Meet NewNew: The App Dubbed ‘The Human Stock Market’
The Creator Economy: A New Celebrity
The pandemic has accelerated the popularity of apps like Cameo – the video-sharing platform which has allowed people to book personal shoutouts from superstars and inverted the power dynamic between stardom and the public. Spare cash from stimulus cheques and the cancellation of events has hastened the migration to novel forms of interaction with influencers.
This has redefined what it means to be a modern celebrity.
The rapid growth of platforms such as TikTok, OnlyFans, Twitch and Patreon has made it easier for creators to monetize direct interaction with their audiences, whether they have 1000 or 100,000 followers. With an estimated 50 million ‘creators’ around the world, the market potential is huge.
The value of a platform like Cameo’s lies not in the actual contents of any video messages – it lies in the illusion of intimacy that it creates between superstar and an ordinary individual. Ice Cube is transformed from legend of the rap world to birthday singer extraordinaire, whilst Tiger King’s Carole Baskin can be hired to deliver motivational speeches to your colleagues (if you can afford the £225 fee). This enables creators to strengthen bonds with their audiences, compressing the space between them whilst creating content that fans feel they have a stake in.
After launching last year, NewNew is backed by some heavyweight players. PayPal founder and early investor in Facebook Peter Thiel (read more on him, here), leading tech fund Andreesen Horowitz and actor Will Smith to name a few.
NewNew is a “human stock market”, where you can “buy shares in the lives of real people, to control their decisions and watch the outcome”. Think of a spinoff between Sims and the NASDAQ, except with real people.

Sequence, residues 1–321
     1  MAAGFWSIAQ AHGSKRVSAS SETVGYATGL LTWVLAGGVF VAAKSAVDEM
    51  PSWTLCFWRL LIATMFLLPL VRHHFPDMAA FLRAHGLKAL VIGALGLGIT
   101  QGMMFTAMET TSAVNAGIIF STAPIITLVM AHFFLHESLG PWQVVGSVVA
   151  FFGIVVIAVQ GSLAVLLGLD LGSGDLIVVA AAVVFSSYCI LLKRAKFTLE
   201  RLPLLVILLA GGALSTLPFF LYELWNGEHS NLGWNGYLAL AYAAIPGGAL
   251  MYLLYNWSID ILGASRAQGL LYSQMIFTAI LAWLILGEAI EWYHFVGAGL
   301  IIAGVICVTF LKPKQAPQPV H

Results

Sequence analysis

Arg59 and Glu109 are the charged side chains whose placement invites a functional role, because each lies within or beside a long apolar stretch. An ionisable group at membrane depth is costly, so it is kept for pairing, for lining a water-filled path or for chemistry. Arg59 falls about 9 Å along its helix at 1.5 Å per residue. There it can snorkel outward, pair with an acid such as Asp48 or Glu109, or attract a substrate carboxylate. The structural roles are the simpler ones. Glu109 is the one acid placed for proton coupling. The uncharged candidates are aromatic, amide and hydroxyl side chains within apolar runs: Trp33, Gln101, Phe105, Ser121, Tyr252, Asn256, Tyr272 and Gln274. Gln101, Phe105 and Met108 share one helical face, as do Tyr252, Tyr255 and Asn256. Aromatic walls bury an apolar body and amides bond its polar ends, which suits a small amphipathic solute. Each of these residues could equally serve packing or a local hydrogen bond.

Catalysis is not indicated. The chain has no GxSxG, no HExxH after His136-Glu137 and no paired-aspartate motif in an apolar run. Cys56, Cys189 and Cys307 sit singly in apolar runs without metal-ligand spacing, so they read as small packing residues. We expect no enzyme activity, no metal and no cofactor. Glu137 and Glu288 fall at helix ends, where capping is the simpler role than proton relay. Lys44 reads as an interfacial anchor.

Sounds a bit too much like Black Mirror? The details are decidedly less dystopian.
The platform, still in beta, allows creators to ask fans to vote on particular aspects of their life. Polls can be on subjects as mundane as what food the creator should eat and where they should hang out, to deciding what their next big project should be.
Fans purchase voting power to participate in the polls, hoping that buying enough voting power will allow them to have significant sway over their chosen influencer’s decisions. Audiences then watch these decisions play out in real-time. NewNew gamifies real life, allowing people to buy a moment in time of an influencer’s life.
The platform is explicitly marketed towards individual creators, whether you are a painter, blogger, writer, musician or chef.
And the use cases are infinite.
Users can pay more to ask a creator to do something of their own choosing. Typical examples include adding a character into their book or painting something a specific colour. NewNew empowers fans to personalise the content that they want to see. Creators can choose to accept or reject these ‘bids’, limiting the potential misuse which has hindered similar platforms, notably Fiverr.
However, it is the micro-transactional nature of the platform which is key. It allows creators to monetize every aspect of their lives – further than other platforms such as Instagram allow. Every single interaction, decision or desire becomes transactable. And the daily minutiae of life becomes a marketplace.
A Moral Dilemma?
Some would argue that this represents another step in the unnatural hyper-marketisation of our personal lives. However, the creator’s themselves would beg to differ.
As reported by the BBC this week, “NewNew provides a two-way beneficial split”. The platform allows users to “pay a small amount of money to have fun and get a reward”, whilst the creator is “building a community of people who are so in tune with what you do”.
NewNew seeks to allow creators to connect with their fans in new ways, whilst benefitting from that connection.
Whilst the platform is currently invite-only, much like the audio-only app Clubhouse, Courtne Smith hopes to expand access to the creator function so that ordinary people can monetise everyday aspects of their lives. Smith wants the platform to be inclusive of all people, regardless of their celebrity status.
“Sure, it’s fun to control a famous influencer or celebrity, but it’s honestly just as entertaining to control someone you go to school with, or your boyfriend’s ex-girlfriend, or an author planning their next sci-fi novel, or a beauty founder creating their next makeup palette”, she said to the New York Times. “It doesn’t matter how boring you think you are, there’s someone out there who would find your life interesting to the point that they’re willing to pay”.
VC firm SignalFire has touted the creator economy as the “fastest-growing type of small business”. With creators going to further lengths to monetize their person, the only way is up for NewNew.
Header Image: Courtne Smith, NewNew Founder via HypeBae.